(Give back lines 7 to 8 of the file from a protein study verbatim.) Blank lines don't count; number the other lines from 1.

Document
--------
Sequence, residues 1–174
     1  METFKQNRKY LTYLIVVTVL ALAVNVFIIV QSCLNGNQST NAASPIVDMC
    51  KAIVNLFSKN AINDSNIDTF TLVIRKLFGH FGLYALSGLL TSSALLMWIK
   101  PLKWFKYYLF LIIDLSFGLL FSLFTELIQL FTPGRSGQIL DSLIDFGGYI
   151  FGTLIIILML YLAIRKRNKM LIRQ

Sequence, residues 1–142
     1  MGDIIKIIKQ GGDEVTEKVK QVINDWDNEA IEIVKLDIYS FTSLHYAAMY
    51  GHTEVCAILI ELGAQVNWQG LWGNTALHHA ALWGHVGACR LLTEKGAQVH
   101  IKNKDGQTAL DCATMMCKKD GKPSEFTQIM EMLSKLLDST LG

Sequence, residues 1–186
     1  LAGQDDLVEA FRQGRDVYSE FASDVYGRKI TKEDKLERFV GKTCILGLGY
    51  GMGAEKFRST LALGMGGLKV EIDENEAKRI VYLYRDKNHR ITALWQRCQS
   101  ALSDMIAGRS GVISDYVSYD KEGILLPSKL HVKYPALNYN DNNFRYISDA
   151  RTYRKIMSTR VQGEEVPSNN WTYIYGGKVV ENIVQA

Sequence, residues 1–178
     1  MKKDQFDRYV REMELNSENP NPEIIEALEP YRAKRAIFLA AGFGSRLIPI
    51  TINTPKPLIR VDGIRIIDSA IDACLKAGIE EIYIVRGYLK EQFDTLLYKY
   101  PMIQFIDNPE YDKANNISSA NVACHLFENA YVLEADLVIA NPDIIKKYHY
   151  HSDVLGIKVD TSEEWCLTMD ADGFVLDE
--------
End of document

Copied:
     1  MGDIIKIIKQ GGDEVTEKVK QVINDWDNEA IEIVKLDIYS FTSLHYAAMY
    51  GHTEVCAILI ELGAQVNWQG LWGNTALHHA ALWGHVGACR LLTEKGAQVH